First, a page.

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Lee County Changing Blue-Green Algae Cleanup Method

From Giant Vacuums to Nano-Bubble Technology
3:33 PM, Sep 28, 2018


Chloe Nordquist, Michael Adam Mora

Lee County is switching up its method for blue-green algae cleanup . It’s saying goodbye to the pilot program with the company AECOM and hello to the nano-bubble technology.

Lee County Changing Blue-Green Algae Cleanup Method

That’s because the county is saying the thick, matted algae blooms are pretty much gone.

“The conditions have improved,” assistant county manager Dave Harner said. “We have seen the algae dissipate, the whole goal behind this process was to alleviate or provide relief to the community from the nasty, smelly blue-green algae.”

Since the pilot program was launched in August, AECOM crews have scooped up more than 400,000 gallons from 23 sites. More than $2 million in funding has been allocated to Lee County for the blue-green algae battle since early August.

Lee County hasn't disclosed the amount of funding it has put-to-work by having AECOM, a multinational engineering firm headquartered in Los Angeles, California, facilitate part of the blue-green algae cleanup.

“I believe at the end of the day it provided a relief to those members of the community that couldn’t stay in their homes because of the smell or because of the respiratory issues,” Harner said. “We were able to alleviate that. That was a benefit to our community.”

AECOM will continue processing the collections they’ve made and the county said the nano-bubble technology will start next week.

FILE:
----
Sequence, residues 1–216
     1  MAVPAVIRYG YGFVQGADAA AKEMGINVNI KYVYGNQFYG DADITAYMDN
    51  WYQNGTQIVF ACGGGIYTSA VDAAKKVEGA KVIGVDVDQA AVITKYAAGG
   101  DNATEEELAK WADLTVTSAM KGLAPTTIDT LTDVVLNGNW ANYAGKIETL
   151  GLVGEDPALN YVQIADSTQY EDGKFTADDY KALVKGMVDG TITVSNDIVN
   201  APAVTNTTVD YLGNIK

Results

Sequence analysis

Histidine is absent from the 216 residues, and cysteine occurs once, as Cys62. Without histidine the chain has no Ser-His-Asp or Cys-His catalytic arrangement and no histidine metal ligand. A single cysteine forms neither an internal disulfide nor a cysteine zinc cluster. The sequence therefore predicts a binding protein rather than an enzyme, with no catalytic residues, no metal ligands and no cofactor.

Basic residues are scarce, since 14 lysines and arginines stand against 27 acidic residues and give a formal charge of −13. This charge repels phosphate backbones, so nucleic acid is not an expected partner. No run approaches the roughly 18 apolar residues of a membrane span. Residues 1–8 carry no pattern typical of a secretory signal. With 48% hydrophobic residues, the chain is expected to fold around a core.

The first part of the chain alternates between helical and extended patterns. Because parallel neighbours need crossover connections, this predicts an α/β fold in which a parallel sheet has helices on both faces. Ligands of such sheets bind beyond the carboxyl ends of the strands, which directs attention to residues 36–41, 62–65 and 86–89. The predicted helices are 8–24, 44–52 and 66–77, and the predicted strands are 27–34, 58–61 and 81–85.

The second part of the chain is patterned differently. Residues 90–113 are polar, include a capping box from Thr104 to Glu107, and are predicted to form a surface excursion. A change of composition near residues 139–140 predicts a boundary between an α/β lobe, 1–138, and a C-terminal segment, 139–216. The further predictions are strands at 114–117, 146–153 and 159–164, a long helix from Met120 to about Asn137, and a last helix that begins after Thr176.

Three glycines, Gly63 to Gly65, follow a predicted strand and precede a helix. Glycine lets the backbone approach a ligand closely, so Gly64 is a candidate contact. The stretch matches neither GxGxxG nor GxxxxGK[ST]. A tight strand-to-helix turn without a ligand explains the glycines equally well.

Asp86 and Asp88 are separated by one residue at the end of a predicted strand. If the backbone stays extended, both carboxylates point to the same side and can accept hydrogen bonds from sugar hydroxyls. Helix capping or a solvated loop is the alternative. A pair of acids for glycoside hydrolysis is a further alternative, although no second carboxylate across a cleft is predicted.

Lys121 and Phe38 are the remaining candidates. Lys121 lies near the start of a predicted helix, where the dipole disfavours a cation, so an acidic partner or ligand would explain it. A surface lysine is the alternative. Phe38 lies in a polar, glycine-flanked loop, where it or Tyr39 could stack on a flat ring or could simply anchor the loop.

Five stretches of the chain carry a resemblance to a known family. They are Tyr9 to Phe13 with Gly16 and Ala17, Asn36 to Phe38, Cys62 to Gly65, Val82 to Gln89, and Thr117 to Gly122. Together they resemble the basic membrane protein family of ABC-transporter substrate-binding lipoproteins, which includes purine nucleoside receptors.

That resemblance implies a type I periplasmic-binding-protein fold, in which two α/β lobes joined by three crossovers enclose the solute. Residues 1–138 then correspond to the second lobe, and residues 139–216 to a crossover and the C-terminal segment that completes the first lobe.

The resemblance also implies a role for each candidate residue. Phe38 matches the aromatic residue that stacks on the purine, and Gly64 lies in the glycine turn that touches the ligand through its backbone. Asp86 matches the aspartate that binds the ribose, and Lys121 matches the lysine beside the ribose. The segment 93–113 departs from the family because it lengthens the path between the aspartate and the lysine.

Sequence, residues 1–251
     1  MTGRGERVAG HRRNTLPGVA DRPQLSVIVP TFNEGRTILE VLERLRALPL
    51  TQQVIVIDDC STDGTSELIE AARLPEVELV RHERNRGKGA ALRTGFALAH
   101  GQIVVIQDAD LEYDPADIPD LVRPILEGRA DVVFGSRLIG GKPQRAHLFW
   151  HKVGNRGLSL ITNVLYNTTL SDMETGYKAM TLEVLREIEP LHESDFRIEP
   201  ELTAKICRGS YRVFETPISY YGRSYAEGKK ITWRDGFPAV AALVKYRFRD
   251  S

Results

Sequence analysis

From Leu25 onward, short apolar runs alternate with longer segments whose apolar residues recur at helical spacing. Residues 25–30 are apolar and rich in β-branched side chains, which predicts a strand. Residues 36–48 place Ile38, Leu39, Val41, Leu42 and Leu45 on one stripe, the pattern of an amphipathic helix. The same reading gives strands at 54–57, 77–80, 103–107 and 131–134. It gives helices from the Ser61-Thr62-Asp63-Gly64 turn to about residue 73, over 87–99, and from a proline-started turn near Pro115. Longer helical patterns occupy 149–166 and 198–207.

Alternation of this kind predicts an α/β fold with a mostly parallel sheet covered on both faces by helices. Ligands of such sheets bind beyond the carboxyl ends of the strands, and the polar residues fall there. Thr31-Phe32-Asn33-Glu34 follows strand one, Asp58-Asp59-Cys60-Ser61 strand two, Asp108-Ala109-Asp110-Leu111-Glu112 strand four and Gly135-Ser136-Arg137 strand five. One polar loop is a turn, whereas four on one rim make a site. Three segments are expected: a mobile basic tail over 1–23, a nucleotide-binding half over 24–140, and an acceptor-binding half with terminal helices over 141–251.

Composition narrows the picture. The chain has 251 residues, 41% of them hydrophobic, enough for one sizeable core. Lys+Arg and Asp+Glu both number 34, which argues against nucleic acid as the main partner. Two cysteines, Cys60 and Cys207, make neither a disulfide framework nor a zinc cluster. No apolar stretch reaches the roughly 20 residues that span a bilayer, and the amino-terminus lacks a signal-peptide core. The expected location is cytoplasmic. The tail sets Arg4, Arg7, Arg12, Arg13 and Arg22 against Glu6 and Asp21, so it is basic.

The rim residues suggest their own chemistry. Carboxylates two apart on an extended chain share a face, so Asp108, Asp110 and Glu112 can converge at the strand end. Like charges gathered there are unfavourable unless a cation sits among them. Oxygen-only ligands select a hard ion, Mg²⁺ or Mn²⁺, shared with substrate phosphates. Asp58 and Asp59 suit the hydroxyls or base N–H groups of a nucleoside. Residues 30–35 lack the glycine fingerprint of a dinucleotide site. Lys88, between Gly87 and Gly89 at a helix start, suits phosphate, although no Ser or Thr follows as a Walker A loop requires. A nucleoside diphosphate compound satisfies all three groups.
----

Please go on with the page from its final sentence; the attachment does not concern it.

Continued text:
“This technology is inviting to us because it treats in place," Roland Ottolini said, natural resources director. "It actually treats the water, treats the algae in place and you can return that water right back into the canal versus sending it off to be treatment plant somewhere."

The nano-bubble technology is fiscally advantageous for Lee County tax payers, being free and effective. Its planning on using booms to section off areas they will be testing and treating.

Sound familiar?

Cape Coral neighbors create innovative algae solution months ago! These residents, who were lead by Margaret and Thomas Krym, banded together using homemade booms from pool noodles to keep fowl smelling blue-green algae out of their space.

The booms have two feet of pool cage screen sewn together into a single panel. It is weighted down with dive weights. The top of the screen on the booms has a sleeve, which is slid onto a 90-foot length of PVC pipe.

The state and county will continue monitoring the blue-green algae conditions. If the conditions surrounding this persistent environmental problem changes, options will be reviewed.


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